Gregg Jones claims that his sources of information have lost their fear of talking about the Plaza Miranda bombing and are holding me and other CPP leaders responsible for it. And he uses the foul trick of referring to these sources as “several former top CPP officials”, “one founding Communist Party Central Committee member”, “several senior CPP officials,” “a few young Party officials,” some of the CPP Politburo members” and “six former ranking CPP officials – including four former Central Committee members …” so as to create the impression that quite a number of high-ranking CPP cadres were falling one on top the other to “confess” to him and incriminate me and the CPP.

But a close reading and analysis of the footnotes in Chapters 5 and 6 (dealing with the Plaza Miranda bombing and the experience of some Filipinos in China) show that Gregg Jones had only six favorite sources of hearsay and multiple hearsay to build his theory that the CPP and I were responsible for the Plaza Miranda bombing.

He tries to swindle not only the readers but also his “sources of information.” Sometimes, he pretends to conceal their identity but at other times in either the chapter text or footnotes he reveals them explicitly or implicitly.

Let us take these “sources of information” one by one.

1. Victor Corpus. In his letter to Pete Lacaba in 1986, Corpus said categorically that he was present in the alleged planning of the Plaza Miranda bombing. Let me quote him directly, “I was present when some leaders of the Party headed by Joma plotted the bombing of the Liberal Party (LP) rally at Plaza Miranda.”

Jones accepts this claim to be true. But at the same time, in referring to the same alleged occasion Corpus points to as the one where the Plaza Miranda bombing was planned, Jones is caught in self-contradiction and unwittingly exposes Corpus as a liar by stating:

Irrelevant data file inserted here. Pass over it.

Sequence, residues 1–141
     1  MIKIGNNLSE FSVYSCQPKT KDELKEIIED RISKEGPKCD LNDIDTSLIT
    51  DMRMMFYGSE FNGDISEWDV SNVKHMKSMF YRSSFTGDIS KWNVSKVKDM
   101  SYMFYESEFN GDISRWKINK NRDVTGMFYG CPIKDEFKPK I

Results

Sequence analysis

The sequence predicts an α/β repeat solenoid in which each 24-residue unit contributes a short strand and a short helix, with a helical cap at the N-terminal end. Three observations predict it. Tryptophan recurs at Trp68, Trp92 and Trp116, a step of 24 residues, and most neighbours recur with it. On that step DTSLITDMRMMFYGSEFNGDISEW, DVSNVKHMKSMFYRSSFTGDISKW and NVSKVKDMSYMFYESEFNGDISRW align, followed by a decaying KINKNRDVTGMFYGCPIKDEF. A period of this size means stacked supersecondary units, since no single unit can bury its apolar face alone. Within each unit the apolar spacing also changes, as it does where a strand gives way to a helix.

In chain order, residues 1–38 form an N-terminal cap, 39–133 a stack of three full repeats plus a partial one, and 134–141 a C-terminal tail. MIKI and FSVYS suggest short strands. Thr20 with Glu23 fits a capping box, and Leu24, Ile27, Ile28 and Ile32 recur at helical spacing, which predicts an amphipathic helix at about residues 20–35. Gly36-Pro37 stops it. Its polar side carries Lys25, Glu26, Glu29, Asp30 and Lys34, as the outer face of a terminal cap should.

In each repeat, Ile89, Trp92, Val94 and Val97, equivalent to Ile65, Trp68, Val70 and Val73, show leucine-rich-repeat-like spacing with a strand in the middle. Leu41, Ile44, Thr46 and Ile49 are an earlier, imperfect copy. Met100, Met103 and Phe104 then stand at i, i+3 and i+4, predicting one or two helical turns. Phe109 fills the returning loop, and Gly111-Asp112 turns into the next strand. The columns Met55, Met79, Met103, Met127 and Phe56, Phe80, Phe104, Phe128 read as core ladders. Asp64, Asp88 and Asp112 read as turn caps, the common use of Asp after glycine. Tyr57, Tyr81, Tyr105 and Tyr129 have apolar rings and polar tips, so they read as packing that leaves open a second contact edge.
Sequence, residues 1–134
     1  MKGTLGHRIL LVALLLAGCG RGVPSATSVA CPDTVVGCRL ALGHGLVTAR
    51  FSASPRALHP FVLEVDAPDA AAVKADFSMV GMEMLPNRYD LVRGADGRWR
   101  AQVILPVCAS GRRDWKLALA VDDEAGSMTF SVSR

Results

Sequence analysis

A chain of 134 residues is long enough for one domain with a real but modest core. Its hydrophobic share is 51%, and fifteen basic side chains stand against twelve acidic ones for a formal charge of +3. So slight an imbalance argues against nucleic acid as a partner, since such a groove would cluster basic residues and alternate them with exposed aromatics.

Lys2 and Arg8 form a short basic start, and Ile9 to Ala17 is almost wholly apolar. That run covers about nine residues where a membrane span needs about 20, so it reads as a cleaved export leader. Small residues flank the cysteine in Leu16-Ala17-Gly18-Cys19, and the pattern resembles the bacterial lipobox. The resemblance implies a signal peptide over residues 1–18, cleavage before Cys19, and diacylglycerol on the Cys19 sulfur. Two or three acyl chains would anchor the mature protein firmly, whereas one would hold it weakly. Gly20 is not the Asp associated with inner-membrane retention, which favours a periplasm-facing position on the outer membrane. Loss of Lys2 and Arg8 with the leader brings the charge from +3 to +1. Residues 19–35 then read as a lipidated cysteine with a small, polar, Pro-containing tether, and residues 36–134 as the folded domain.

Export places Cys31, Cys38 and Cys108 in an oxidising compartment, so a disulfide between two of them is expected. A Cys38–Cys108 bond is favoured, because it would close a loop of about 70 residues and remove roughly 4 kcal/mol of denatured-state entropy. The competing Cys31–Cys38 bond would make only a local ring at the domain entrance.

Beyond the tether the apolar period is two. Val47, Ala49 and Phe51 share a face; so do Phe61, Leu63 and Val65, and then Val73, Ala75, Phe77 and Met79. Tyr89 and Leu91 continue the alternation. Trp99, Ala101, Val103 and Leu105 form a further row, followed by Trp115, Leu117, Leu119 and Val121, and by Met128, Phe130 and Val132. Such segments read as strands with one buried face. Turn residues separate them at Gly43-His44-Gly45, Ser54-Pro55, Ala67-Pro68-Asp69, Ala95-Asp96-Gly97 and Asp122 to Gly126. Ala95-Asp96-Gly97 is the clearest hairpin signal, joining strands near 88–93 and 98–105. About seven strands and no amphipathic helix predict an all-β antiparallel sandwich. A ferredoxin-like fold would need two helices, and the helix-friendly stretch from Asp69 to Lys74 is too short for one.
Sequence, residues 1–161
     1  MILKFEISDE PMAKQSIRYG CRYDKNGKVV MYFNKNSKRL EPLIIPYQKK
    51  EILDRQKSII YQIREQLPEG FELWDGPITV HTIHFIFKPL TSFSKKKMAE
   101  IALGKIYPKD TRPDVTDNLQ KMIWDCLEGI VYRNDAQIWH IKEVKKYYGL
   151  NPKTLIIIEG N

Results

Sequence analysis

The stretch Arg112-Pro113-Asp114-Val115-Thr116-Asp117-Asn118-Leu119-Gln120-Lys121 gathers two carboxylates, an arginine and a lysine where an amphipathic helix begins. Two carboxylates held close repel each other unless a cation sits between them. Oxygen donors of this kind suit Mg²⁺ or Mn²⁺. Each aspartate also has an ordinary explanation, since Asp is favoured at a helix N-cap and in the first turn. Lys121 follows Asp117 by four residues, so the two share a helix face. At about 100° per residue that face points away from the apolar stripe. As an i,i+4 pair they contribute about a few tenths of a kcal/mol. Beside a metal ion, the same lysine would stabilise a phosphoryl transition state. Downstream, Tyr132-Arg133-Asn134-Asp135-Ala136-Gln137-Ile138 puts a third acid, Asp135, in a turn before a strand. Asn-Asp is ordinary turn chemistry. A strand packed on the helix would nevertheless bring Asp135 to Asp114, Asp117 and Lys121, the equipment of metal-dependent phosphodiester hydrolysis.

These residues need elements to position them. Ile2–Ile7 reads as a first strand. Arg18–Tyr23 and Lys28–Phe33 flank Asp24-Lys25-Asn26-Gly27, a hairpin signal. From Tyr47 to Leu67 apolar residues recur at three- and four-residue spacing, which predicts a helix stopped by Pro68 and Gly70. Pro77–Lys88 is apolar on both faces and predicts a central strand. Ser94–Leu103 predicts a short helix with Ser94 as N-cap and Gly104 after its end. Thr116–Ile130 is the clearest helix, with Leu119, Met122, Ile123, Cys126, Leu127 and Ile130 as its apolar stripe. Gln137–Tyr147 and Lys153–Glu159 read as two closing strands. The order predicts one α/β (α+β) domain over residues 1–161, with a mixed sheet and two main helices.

But Sison never spelled out explicitly to his colleagues how he planned to provoke Marcos. Only later, after the Plaza Miranda bombing, did the rebel leaders in the Isabela camp understand that Sison had proposed an act of “mass violence.”

How could there have been “planning” as claimed by Corpus if “Sison never spelled out how he planned to provoke Marcos”? How could Corpus be present in any top level planning by the CPP Central Committee or any smaller organ of the CC about something outside of his jurisdiction? In early 1971 he had just come from the enemy side and had only recently tried to prove himself with the raid on the PMA armory?

Corpus merely extrapolated the notion that the CPP must have had something to do with the Plaza Miranda bombing from the fact that it is CPP policy to take advantage of the crisis of the ruling system and the splits among the reactionaries. This policy does not mean committing terrorist acts of intrigue at the expense of actual or potential allies or even at the expense of diehard enemies.

The linkage between Corpus’ betrayal of the revolutionary movement through his false testimony and his acquisition of the rank of lieutenant colonel, his New Alabang Hills house and lot, his car and other new possessions is easier to prove.

On his own, Jones makes the claim that several months in advance I met with three other persons to plan the Plaza Miranda bombing. The claim is automatically recognizable as false and as hearsay because Jones states in his footnote that he got the information from someone who had not been present in the alleged meeting but who had earlier been told by someone who had attended the meeting. It is also ridiculous that Jones gives my alleged co-conspirators and me the powers of clairvoyance and bilocation. The alleged conspirators were in different places at the time cited.

2. Ariel Almendral. He claims to have been the defense counsel of Danilo Cordero, when the latter was tried for mutiny in 1972; and to have heard Cordero and two others before and during the military court trial reveal that they were responsible for throwing grenades at the LP Plaza Miranda miting de avance or rally.